TORONTO -- A barbecue was held in an east-end Toronto park on Wednesday to raise money for a scholarship in honour of a woman killed in a mass shooting that rocked the city a month ago.

Eighteen-year-old Reese Fallon was killed when a gunman shot at pedestrians and restaurant-goers on Toronto's bustling Danforth Avenue the night of July 22. Ten-year-old Julianna Kozis also died in the violence and 13 people were injured. The shooter, 29-year-old Faisal Hussain, was also found dead in the area.

Crowds of people attended Wednesday's event at Bob Acton Park, just a five-minute walk from where Fallon went to high school at Malvern Collegiate Institute.

The money raised will go to the Reese Fallon Scholarship Fund and the Fallon family, organizers said. Fallon had just graduated high school and was set to study nursing at McMaster University in Hamilton starting this fall. The scholarship will go each year to a graduate of Malvern Collegiate who is entering a nursing program.

Hundreds of people attended the open-air event, where tables were filled with gift bags for raffle and auction. Organizers also ran an online auction, selling such items as a guitar signed by the Sam Roberts Band and VIP tickets to a Toronto FC soccer match.

Julie Steel, a family friend of the Fallons who organized the barbecue and started a crowdfunding page to raise money for the scholarship, said she was blown away by the donations received.

"It means a lot to the family," she said. "They want to make sure she's not going to be forgotten."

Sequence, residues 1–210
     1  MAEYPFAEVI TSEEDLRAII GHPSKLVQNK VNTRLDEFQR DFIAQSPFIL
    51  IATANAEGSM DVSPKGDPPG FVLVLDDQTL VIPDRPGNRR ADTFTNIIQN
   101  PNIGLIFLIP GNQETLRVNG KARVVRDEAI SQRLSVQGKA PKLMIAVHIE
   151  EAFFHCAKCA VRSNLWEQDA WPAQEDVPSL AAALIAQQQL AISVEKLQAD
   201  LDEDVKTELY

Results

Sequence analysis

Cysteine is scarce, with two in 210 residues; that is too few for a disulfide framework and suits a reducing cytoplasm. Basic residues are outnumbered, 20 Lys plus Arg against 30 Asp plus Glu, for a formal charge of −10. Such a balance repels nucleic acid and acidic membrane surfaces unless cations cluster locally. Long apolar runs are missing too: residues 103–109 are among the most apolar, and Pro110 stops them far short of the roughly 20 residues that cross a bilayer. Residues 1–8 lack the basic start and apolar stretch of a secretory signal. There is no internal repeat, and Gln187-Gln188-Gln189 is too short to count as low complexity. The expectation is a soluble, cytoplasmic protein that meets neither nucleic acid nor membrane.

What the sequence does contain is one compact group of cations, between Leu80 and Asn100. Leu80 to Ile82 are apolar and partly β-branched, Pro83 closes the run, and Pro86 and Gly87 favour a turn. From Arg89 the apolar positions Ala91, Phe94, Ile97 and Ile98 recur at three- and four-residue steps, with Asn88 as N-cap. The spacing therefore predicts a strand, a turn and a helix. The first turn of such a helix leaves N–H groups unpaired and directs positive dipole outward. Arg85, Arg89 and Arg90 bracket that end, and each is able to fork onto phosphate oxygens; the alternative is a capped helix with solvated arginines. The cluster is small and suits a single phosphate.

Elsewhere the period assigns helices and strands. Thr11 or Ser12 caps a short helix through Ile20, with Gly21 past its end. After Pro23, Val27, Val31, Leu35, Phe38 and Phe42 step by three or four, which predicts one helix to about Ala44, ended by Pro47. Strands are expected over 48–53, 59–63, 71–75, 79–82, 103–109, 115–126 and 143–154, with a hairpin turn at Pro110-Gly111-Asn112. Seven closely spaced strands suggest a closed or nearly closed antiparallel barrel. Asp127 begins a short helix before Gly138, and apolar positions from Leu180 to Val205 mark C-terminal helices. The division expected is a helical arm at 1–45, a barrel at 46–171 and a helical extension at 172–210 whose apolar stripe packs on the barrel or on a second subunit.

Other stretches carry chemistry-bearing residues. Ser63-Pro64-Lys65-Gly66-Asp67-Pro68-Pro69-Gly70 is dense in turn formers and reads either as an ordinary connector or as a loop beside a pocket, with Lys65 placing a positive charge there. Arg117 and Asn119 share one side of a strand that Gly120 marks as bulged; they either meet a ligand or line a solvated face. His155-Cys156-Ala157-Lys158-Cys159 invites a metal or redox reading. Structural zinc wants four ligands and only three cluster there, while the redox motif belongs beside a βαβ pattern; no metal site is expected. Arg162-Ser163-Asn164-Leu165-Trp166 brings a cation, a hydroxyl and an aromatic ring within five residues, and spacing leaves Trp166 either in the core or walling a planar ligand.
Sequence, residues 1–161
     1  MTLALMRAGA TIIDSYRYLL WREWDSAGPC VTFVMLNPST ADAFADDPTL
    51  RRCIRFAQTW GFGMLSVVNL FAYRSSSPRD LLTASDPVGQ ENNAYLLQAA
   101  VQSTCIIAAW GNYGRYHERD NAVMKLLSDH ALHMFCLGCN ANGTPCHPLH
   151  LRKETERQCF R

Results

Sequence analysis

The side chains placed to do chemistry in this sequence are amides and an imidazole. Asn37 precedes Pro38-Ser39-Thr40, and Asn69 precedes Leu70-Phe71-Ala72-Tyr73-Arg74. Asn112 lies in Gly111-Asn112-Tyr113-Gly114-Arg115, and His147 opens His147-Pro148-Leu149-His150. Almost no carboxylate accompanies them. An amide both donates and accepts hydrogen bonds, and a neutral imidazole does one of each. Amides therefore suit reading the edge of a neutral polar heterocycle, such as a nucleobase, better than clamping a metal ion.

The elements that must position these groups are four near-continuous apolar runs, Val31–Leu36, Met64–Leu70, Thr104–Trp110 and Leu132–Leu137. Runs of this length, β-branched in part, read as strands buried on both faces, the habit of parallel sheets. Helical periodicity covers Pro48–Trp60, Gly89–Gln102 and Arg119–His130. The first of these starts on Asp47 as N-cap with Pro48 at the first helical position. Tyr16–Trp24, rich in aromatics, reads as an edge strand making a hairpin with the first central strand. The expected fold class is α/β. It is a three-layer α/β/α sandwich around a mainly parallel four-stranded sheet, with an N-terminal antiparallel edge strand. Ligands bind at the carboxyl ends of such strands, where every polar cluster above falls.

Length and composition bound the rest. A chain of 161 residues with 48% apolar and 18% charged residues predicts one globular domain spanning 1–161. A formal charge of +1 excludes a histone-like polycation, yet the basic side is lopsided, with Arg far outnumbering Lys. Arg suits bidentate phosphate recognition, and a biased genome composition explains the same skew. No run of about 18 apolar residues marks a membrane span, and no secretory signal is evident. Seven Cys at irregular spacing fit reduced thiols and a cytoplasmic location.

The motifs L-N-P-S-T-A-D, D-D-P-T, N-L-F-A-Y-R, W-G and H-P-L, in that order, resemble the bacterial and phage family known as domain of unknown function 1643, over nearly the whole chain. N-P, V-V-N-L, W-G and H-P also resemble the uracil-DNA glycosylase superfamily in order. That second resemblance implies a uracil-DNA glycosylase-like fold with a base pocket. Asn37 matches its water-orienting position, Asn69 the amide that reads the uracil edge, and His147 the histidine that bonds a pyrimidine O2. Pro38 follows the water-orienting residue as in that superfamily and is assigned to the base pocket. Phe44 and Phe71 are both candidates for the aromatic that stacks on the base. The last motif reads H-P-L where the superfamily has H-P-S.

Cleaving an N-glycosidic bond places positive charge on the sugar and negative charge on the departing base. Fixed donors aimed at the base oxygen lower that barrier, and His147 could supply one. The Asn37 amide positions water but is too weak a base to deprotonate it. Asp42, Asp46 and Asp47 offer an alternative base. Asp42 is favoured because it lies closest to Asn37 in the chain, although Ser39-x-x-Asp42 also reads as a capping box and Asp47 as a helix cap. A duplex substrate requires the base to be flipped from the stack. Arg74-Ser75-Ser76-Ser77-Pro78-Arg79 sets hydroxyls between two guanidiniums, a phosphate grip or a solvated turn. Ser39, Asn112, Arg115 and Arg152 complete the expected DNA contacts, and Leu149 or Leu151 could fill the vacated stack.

By 7 p.m., Steel said they had definitely surpassed their goal of raising $75,000 for the scholarship.

Singer Jim Cuddy of Blue Rodeo was among those came to show his support, singing some of the Canadian band's hits for he crowd.

Cuddy, who lives near the Danforth and has a studio in the area, told the audience he hopes the support of the community will bring Fallon's family some comfort.

"There are a lot of people that want to love each other, and protect each other, and support each other. And that's what this is about," he said in an interview.

Denise Swing said she volunteered at the barbecue because she has known the Fallon family for years.

The teen's death has "left a huge hole," she said, adding her son is the same age as Fallon. She said no family should have to go through the rest of their lives without their 18-year-old.

"I hope they give this scholarship out for centuries to come," she said, calling the fund a beautiful way to support another student and remember Fallon's aspirations.

Christina Strait, who also attended Wednesday's event, said she has also known the Fallon family for more than a decade, and the family "has been stunned by the outpouring."

She said Fallon would have really liked that a scholarship was set up.

"It's a wonderful way to spread love," said Strait.

Page Ricketts said she also lives in the Danforth neighbourhood, and most people who attended the event do as well.

"We're very community-oriented," she said.

Fallon died while enjoying a night out with friends, including members of the Young Liberals political organization. In an obituary, family members said the teen would be "deeply missed but not forgotten."